Helen Bradley

Monday, December 21st, 2009

Contorting shapes

While Photoshop comes with a series of custom shapes, they don’t have to look the way that they were designed to look. Step 1
To see this at work, click the Custom Shapes button on the toolbar, make sure that you have Paths selected on the Tool Options Bar and select a shape such as a Flower5 from the Nature shape collection. Step 2
Hold the Shift key as you drag the shape into your image.step 3
Select the Direct Selection Tool and drag over just the middle points of the flower inside the outside edges. This will result in nodes showing on all the flower points but you need to just concentrate on those in the middle. Step 4
With all the nodes selected, click and drag on one of the middle nodes. Notice that all the middle nodes travel together and that you can pull on them to distort the flower shape in all sorts of ways. When you have the flower distorted as you want it to look, let go the mouse button.
step 5
To drag all the points in or out around a fixed point, choose Edit > Free Transform Points then hold the Alt key as you drag on the outside handles which appear. You can then let go the Alt key and move the selected area into position or reshape it. Select the Commit button or press Enter when you are done.Step 6
On the Paths palette you can now click the Fill Path With Foreground Color button to fill the path with the current foreground color. You can also select the Load Path As A Selection option, return to the Layers palette and, for example, fill the selection with a gradient fill by selecting a gradient and dragging across the shape to fill it.

Shapes that respond particularly well to this treatment are those with a definite center point such as the flower shapes, some stars and snowflakes.

Helen Bradley

Saturday, December 19th, 2009

Photoshop: Quick and easy tourist removal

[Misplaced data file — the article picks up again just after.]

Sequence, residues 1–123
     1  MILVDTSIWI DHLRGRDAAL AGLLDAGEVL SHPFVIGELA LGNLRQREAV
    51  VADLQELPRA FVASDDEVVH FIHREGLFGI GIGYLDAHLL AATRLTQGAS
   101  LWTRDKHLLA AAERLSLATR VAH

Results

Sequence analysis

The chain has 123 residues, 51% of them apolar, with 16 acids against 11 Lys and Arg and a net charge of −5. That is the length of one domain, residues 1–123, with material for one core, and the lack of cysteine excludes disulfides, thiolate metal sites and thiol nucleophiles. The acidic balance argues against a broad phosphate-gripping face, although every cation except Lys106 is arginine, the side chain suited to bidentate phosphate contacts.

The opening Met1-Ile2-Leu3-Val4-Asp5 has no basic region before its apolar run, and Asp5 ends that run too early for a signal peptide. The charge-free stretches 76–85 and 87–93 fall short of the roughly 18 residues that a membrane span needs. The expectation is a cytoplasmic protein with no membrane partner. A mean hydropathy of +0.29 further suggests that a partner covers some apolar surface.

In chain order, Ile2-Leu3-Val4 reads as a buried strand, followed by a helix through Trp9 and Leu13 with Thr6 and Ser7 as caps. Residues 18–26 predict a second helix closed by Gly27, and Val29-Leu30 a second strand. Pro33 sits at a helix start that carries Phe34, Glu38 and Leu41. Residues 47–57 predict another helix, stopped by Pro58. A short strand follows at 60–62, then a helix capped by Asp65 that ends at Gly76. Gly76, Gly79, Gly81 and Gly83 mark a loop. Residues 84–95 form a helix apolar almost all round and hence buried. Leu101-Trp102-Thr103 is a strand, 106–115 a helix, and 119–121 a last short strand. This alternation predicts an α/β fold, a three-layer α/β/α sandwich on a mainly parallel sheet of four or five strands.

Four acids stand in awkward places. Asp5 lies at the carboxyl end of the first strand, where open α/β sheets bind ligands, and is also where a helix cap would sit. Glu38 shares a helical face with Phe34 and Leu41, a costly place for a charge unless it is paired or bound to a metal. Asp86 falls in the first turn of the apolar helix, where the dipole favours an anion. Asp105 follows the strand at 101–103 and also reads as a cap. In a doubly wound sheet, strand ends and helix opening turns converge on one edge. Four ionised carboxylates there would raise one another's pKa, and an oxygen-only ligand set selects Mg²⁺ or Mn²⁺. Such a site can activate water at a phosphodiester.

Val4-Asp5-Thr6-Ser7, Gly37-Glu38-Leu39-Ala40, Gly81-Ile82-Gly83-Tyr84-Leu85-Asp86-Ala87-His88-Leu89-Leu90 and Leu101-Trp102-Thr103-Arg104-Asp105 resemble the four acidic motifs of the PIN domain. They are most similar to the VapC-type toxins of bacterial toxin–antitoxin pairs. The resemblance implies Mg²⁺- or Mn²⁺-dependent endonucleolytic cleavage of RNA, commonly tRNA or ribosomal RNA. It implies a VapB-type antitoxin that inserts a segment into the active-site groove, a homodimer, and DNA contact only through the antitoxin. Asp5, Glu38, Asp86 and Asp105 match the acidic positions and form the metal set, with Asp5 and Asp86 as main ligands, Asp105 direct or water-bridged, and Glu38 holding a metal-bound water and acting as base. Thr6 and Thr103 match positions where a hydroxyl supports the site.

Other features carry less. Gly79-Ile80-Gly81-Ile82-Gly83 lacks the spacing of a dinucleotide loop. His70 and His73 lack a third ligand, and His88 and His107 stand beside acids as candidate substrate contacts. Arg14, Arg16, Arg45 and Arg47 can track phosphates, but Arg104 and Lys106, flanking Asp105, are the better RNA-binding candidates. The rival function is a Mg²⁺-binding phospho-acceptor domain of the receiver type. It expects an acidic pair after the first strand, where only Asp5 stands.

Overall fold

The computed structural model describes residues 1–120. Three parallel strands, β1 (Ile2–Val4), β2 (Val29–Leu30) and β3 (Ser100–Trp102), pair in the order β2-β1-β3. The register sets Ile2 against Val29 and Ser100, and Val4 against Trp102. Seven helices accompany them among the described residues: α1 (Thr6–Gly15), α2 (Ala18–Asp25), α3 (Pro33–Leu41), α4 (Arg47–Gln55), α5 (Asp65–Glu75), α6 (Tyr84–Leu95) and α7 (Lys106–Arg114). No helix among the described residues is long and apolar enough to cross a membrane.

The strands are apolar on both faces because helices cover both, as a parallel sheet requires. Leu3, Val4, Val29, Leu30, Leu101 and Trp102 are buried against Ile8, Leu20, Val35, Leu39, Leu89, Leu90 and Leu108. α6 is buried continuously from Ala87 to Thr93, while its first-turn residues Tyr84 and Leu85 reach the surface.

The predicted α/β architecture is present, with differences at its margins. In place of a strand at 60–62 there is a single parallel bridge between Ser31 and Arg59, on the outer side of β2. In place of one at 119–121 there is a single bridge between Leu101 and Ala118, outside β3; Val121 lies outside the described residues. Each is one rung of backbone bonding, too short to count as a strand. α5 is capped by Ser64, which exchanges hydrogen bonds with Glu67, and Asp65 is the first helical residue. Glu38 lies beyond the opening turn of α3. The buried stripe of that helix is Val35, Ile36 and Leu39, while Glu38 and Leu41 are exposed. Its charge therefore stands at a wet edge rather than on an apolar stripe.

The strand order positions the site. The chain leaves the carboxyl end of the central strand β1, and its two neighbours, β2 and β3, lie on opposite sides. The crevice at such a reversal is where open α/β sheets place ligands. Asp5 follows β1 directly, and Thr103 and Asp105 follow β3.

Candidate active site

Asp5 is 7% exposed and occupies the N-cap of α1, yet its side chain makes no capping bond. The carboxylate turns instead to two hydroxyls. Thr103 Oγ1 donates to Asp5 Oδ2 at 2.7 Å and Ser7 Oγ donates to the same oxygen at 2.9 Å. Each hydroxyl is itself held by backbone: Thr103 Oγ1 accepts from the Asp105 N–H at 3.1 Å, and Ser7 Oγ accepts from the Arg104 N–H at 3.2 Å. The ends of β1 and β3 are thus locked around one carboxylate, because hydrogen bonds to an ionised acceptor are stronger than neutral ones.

Being a tourist would be more fun if there weren’t thousands of other tourists getting between you and the shot you want to capture.

When you are visiting a popular location and if you have difficulty getting a photo that is free of people, take two (or more) photos making sure that somewhere in each you have a good clean portion of the sight you are interested in photographing.

On your return you can assemble the images in Photoshop and create one good, tourist free image.

Here’s how to do this with two images. This process relies on a feature called Auto-Align Layers which was first introduced in Photoshop CS3. If you have an earlier version of Photoshop you can manually align the layers but Photoshop won’t do it automatically for you as shown here.

Step 1

Open both images in Photoshop and drag the background layer from one into the other image so you have two different layers in one image. This will be your working image – you can close the other one as you no longer need it.

Step 2

Select both layers in the Layers palette by clicking on one and then Shift + Click on the second. Choose Edit > Auto-Align Layers, click Auto and click Ok.

This feature automatically aligns the layers relative to each other. (You may not have noticed this tool before – it’s on the Edit menu when logic would suggest it should be on the Layers menu.).

Step 3

Select the topmost layer in the image and add a mask to it by selecting the Add Layer Mask icon at the foot of the layers palette.

Step 4

Set black as the foreground color, select a round soft edge brush and click on the mask icon in the layers palette so it is selected.

Step 5

Paint over the person or other thing in the top layer that you want to remove. Painting in black on a mask reveals the layer underneath so you should see the image underneath through this one. (If you need to paint back in some of the image, switch to white foreground color and paint on the mask in white).

Step 6
When you’re done you can merge the layers (Layers > Merge Visible). If you still have other tourists to remove, return to step 1 and continue with another of the images you captured.

If you are done, crop the image and apply any required fixes to the image before saving it.

Helen Bradley